Dave Ferro 1:50
Thank you for having me today.

Lindsay Recknell 1:51
It is a real pleasure to have you I’m very excited for this conversation. And I’d love to start with a little bit of informal, talk about who you are, what you do and how you serve.

Dave Ferro 2:05
Okay, you know, who you are, can be quite the conversation, we all have a couple of different hats personal and work. So maybe on the personal side, you know, I’ve been married for 29 years, three children, I have a lot of weird hobbies, including Believe it or not playing the banjo and a bluegrass band. And I used to be the Latin and ballroom dance. So that’s kind of my non work side, on the worksite. I’ve been in occupational health and safety for about 25 years now. And I want you to call a Canadian registered safety professional. And I’m registered as an Emergency Medical Responder with the Alberta College of paramedics still, so I do some of that. And I serve on some volunteer boards and things. For example, I’m the chair of the Nate OHS diploma programs program advisory committee right now, I found over the years, it’s a fantastic thing to volunteer for some of these, you gain a lot more than you give to be quite honest. And the people I serve my client list is pretty diverse. So we deal with a lot of big firms, some international engineering companies. And lately I’ve really been enjoying working with some small local firms where you’ll have maybe a dozen employees. And it’s a whole different field with those guys. And it’s a lot of fun. So, yeah, pretty diverse that way.

Lindsay Recknell 3:23
I love it. I mean, you’ve got creativity, you’ve got some pretty diverse professional interests, a, I feel like all of those things would really contribute to how you support your clients, especially when it comes to a psychological health and safety perspective. Because I feel like with with that wide range of experience, you could really meet your meet those people where they were at, and help them to really embrace their personal diversity, to contribute to the organizational diversity that they must experience in their day to day job.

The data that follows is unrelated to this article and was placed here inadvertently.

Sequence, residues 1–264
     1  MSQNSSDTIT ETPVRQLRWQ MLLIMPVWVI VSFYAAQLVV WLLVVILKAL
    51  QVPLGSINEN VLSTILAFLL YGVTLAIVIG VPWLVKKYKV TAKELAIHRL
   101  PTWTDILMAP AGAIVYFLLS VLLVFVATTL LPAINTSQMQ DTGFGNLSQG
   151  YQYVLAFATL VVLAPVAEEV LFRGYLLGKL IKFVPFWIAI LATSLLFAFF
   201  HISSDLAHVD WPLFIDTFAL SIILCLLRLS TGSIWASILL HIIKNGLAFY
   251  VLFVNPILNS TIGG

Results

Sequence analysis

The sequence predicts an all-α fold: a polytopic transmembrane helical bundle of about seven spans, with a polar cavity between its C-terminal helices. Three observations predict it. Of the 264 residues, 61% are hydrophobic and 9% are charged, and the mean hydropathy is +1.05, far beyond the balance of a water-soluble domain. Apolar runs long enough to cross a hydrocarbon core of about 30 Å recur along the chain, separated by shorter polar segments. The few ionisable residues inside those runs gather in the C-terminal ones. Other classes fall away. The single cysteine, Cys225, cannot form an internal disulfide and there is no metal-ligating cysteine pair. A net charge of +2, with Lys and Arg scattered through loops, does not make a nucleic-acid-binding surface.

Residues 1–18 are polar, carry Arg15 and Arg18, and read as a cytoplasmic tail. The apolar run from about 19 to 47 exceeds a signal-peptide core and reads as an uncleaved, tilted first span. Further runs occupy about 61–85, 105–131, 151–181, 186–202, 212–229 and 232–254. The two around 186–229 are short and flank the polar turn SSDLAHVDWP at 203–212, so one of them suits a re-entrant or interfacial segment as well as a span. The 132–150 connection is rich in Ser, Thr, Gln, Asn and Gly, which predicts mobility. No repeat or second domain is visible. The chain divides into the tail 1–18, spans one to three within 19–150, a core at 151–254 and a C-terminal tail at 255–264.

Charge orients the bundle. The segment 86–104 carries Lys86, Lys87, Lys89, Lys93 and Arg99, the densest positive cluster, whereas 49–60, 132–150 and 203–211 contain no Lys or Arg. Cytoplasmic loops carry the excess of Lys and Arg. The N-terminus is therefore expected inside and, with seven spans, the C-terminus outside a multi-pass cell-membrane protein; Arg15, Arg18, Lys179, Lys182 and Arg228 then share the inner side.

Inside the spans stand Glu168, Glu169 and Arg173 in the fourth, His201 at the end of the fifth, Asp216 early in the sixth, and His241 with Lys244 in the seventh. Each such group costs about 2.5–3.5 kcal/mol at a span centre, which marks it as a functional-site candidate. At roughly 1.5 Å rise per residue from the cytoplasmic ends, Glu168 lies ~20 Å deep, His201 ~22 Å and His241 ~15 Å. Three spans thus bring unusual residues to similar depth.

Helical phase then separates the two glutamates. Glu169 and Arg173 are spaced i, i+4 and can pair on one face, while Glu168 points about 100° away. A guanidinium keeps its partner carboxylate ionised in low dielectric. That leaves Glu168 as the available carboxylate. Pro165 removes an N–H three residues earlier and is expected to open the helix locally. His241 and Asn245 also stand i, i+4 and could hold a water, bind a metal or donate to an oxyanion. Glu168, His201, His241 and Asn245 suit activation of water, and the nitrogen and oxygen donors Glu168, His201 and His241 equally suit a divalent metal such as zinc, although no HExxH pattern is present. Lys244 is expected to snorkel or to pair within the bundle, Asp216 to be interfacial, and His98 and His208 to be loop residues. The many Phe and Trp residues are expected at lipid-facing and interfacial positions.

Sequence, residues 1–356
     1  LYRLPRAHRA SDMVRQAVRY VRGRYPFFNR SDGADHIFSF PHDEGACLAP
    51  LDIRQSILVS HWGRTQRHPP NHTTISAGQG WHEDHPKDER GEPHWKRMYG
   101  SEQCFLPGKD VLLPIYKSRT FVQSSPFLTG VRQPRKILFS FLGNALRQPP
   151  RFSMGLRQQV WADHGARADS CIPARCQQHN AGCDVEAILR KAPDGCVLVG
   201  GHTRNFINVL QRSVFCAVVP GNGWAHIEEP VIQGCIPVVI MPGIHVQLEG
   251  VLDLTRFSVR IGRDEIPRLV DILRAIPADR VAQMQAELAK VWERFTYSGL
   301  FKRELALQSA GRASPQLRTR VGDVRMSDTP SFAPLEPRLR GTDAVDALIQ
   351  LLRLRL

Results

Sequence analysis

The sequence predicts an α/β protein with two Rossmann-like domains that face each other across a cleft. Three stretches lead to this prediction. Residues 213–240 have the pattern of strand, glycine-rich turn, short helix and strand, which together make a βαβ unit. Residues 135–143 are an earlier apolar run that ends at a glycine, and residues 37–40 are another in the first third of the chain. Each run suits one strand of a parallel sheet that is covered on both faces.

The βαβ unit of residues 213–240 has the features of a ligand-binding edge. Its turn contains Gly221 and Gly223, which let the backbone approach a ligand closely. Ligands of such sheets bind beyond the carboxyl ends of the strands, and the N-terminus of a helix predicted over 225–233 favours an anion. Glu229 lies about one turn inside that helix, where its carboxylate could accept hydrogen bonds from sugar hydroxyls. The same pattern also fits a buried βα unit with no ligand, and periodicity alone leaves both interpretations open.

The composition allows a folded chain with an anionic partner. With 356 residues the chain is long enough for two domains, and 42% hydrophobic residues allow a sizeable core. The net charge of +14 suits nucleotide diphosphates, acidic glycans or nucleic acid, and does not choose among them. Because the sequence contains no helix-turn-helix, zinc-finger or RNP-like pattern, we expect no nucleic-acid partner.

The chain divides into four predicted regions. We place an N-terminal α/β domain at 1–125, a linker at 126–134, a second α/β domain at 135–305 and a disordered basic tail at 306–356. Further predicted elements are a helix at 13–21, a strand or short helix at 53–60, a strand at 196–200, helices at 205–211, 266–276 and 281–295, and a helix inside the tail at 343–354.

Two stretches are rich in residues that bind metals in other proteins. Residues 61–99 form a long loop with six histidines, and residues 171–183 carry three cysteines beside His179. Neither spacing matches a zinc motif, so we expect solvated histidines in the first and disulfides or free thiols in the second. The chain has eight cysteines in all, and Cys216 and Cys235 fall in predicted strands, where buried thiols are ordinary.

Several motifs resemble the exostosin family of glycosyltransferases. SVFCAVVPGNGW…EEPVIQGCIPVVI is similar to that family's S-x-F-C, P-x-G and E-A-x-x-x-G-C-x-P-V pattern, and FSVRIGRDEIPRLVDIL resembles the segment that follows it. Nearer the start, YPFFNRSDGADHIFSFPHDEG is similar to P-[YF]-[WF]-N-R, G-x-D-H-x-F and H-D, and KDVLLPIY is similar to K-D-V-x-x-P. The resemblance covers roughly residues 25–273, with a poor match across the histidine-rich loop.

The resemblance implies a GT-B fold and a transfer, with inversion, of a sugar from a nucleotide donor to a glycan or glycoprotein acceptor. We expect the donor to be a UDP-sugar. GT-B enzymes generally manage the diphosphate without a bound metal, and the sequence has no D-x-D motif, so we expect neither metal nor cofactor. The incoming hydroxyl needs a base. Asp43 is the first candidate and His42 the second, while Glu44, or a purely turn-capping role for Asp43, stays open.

Dave Ferro 4:00
You know, yeah, we are kind of the sum of our experiences. And really, you’ve kind of hit it there for anything to work, you really need to build a personal relationship first before you do any type of educating if you will. So the more you’re able to connect with someone on a personal basis, the easier it is to build some rapport and then get some changes to your programs and things. It sounds kind of funny, but when it comes to leadership, people like to take direction and leadership from people they like dealing with.

Lindsay Recknell 4:28
It doesn’t sound funny at all because this similar if we think about people we want to buy from or people we you know, take our pets to or the people we ask to watch our children, right we we do that with people we know like and trust and if we can find some sort of common ground or relate to people on that, that makes tons of sense to me. In your in your career in occupational health and safety. How have you seen that change over the last 20 plus years? especially as it relates to adding in a psychological health and safety aspect to it.

Dave Ferro 5:10